Directionally freeze-cast titanium foam with aligned, elongated pores

Yasumasa Chino*, David C. Dunand

*Corresponding author for this work

Research output: Contribution to journalArticlepeer-review

217 Scopus citations


Directional freeze-casting - a process used to create foams with elongated, aligned pores applied so far exclusively for ceramics - is demonstrated for titanium foams. An aqueous slurry of <45 μm titanium powders was directionally solidified, resulting in a powder preform consisting of elongated, aligned dendrites of pure ice separated by interdendritic regions with high powder content. After freeze-drying to remove the ice dendrites and sintering to densify the powders, the resulting titanium foams exhibited 57-67% aligned pores (∼0.1 mm wide and several millimeters long) replicating the ice dendrites. Because of the high powder oxygen content, the foams display high compressive strength and signs of embrittlement. Lower contamination was achieved by using purer <125 μm powders, but their larger size prevents the formation of pure ice dendrites (and thus elongated pores in the foam), in agreement with a model considering particle pushing and engulfment by a moving ice front.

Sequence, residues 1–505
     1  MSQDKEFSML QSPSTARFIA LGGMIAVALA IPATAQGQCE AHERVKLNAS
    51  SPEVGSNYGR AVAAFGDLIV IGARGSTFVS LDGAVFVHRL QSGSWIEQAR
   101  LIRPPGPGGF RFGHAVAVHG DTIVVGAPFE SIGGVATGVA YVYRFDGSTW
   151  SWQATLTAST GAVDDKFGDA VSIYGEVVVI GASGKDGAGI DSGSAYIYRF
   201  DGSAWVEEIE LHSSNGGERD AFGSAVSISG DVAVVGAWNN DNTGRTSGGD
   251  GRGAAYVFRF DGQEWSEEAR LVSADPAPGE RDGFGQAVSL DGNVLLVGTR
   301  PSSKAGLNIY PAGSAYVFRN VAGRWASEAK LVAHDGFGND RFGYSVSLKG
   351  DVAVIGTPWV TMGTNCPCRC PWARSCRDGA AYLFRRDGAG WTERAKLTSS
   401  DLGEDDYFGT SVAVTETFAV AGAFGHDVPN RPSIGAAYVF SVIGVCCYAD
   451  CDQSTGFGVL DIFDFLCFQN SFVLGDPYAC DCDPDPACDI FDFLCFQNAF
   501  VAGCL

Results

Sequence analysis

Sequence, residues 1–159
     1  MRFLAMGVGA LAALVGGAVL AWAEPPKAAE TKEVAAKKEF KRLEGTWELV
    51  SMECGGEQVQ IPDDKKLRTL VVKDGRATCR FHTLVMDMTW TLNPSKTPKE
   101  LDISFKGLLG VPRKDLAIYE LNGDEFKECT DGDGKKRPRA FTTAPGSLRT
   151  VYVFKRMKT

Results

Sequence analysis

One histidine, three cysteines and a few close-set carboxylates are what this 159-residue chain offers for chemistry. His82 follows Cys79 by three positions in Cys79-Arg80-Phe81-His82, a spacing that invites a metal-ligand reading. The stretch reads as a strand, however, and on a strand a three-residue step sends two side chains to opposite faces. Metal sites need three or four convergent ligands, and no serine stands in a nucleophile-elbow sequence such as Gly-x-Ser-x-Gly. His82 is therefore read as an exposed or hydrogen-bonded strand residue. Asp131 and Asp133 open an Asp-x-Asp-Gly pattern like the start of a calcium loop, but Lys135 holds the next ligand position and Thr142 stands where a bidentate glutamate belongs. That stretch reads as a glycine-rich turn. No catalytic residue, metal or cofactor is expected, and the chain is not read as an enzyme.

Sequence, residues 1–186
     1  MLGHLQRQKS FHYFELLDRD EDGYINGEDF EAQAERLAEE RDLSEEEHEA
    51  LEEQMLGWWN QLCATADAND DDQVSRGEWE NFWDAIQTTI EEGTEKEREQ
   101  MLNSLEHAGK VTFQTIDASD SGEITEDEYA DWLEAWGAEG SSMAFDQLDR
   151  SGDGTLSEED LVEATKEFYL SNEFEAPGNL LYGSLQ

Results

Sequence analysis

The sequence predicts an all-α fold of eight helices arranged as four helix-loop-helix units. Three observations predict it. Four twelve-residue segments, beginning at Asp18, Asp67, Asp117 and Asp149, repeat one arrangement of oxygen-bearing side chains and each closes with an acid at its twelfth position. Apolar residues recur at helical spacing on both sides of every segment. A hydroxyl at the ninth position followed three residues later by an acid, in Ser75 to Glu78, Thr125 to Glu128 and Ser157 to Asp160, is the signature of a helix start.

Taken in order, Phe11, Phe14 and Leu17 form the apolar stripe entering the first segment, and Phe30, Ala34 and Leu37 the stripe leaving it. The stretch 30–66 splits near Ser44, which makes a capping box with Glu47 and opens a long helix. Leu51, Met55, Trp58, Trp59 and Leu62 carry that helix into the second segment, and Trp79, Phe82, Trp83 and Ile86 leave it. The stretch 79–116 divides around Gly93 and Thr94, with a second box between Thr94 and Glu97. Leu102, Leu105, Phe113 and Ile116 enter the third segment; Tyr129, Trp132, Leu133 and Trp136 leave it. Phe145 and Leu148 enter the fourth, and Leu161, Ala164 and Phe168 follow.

Original languageEnglish (US)
Pages (from-to)105-113
Number of pages9
JournalActa Materialia
Issue number1
StatePublished - Jan 2008


  • Foams
  • Freeze-casting
  • Porous material
  • Powder processing
  • Titanium

ASJC Scopus subject areas

  • Electronic, Optical and Magnetic Materials
  • Ceramics and Composites
  • Polymers and Plastics
  • Metals and Alloys


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